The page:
Notice that the cost flow from Organizational Unit to Capability only includes Total Direct Cost as further described in Cyclical Cost Flow.

The aggregation of cost is controlled by four things:

  1. The references between

    1. Business and Technical Capability and Application

    2. Organizational Unit and Application

    3. Application and Server component

    4. Business and Technical Capability and Organizational Unit (see References)

  2. The fields “Cost Type Attribution” on references

  3. “Cost Attribution Percentage” on references

  4. Hierarchical roll-up. As the only cost metric, Total Cost is rolled up through the parent-child hierarchies

The references are important in the aggregation of cost, which is why it’s crucial to be mindful of creating the right connections. As described further under Extending the metamodel, the type of references is irrelevant. The direction is important for the cost aggregation to work. Below is an example of the references between the 5 component types:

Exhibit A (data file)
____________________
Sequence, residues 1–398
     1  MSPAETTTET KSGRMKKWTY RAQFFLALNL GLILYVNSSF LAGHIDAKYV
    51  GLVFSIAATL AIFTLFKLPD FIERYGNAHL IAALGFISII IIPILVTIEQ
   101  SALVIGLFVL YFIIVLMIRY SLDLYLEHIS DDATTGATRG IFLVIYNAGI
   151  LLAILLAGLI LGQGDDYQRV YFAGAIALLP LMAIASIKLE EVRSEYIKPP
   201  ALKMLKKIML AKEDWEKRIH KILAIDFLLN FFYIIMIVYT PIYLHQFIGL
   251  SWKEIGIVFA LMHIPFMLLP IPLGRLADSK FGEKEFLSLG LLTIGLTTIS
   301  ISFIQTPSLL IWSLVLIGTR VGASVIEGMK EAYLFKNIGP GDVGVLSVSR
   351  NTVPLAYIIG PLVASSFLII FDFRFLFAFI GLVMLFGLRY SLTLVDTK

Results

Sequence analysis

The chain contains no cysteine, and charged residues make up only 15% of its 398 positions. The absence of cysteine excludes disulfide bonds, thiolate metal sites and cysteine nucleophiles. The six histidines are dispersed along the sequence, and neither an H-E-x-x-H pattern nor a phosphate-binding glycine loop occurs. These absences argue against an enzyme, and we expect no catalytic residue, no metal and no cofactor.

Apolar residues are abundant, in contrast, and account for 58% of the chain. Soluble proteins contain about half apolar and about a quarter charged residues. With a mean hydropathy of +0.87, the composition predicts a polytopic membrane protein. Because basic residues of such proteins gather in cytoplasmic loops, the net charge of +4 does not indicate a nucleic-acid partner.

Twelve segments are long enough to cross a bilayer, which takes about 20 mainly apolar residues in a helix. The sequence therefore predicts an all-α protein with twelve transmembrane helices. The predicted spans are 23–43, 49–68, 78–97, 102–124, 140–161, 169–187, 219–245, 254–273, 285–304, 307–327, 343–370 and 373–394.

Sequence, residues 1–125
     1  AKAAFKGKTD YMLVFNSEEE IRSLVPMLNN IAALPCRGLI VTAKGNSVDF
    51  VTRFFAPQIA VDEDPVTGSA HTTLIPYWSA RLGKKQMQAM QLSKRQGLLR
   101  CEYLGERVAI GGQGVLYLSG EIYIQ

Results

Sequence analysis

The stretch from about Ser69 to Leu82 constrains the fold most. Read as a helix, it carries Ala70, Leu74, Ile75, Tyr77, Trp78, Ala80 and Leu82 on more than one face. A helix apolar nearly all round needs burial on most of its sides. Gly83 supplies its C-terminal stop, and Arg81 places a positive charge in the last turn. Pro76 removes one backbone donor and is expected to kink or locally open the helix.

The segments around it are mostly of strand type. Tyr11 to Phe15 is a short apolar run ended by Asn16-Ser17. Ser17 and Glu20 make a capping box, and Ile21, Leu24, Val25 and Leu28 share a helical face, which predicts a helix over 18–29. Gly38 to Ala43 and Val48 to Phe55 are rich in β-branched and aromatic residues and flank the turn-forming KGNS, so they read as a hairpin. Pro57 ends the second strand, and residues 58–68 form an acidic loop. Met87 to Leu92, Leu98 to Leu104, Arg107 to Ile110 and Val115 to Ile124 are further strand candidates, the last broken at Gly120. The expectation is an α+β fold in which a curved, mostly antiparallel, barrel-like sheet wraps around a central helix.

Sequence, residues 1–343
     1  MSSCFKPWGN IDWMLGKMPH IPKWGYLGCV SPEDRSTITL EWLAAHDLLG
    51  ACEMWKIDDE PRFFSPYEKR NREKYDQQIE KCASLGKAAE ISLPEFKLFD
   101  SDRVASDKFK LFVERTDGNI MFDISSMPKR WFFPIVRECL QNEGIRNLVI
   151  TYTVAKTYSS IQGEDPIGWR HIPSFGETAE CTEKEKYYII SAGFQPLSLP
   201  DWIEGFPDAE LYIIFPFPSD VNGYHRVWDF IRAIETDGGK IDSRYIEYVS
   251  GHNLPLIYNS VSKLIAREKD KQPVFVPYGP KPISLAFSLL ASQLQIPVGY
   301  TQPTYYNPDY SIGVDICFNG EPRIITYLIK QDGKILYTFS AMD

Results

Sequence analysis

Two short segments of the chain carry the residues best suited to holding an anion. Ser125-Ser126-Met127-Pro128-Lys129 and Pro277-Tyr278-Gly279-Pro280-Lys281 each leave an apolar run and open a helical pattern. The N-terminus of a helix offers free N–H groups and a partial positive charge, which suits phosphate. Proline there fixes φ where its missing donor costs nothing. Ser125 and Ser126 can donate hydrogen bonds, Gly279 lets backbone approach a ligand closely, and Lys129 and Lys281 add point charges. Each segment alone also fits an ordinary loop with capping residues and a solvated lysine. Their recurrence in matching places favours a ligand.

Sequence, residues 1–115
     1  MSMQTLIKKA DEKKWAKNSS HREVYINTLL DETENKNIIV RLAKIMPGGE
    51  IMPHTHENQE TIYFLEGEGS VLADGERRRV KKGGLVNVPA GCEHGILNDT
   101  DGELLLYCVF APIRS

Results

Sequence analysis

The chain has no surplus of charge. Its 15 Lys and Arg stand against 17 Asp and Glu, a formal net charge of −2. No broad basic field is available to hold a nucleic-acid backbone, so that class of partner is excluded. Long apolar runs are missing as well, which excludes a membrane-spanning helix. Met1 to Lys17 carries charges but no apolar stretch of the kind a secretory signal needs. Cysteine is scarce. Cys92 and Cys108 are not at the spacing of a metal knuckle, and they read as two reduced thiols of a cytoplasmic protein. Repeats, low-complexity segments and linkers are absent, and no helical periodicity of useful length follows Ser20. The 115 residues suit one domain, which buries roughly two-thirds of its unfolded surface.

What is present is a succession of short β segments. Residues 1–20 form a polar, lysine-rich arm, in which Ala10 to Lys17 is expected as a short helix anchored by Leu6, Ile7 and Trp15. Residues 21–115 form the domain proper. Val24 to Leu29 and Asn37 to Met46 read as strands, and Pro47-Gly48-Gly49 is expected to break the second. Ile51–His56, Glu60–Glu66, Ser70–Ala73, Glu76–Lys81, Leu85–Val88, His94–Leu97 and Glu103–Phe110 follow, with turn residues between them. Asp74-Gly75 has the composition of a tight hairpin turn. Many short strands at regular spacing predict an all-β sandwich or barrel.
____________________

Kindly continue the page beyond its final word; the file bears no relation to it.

Ardoq diagram


For the calculations to work, both the Cost Type Attribution and the Cost Attribution Percentage fields have to be present on all the references between the Component Types where cost aggregations are wanted. The field Cost Type Attribution needs to have both choices deselected for full cost aggregation. If either choice in Cost Type Attribution is selected that cost type, for example, Direct Cost, will be excluded from the cost aggregation flow.

The aggregation of cost follows a simple yet powerful algorithm, which is split into two steps: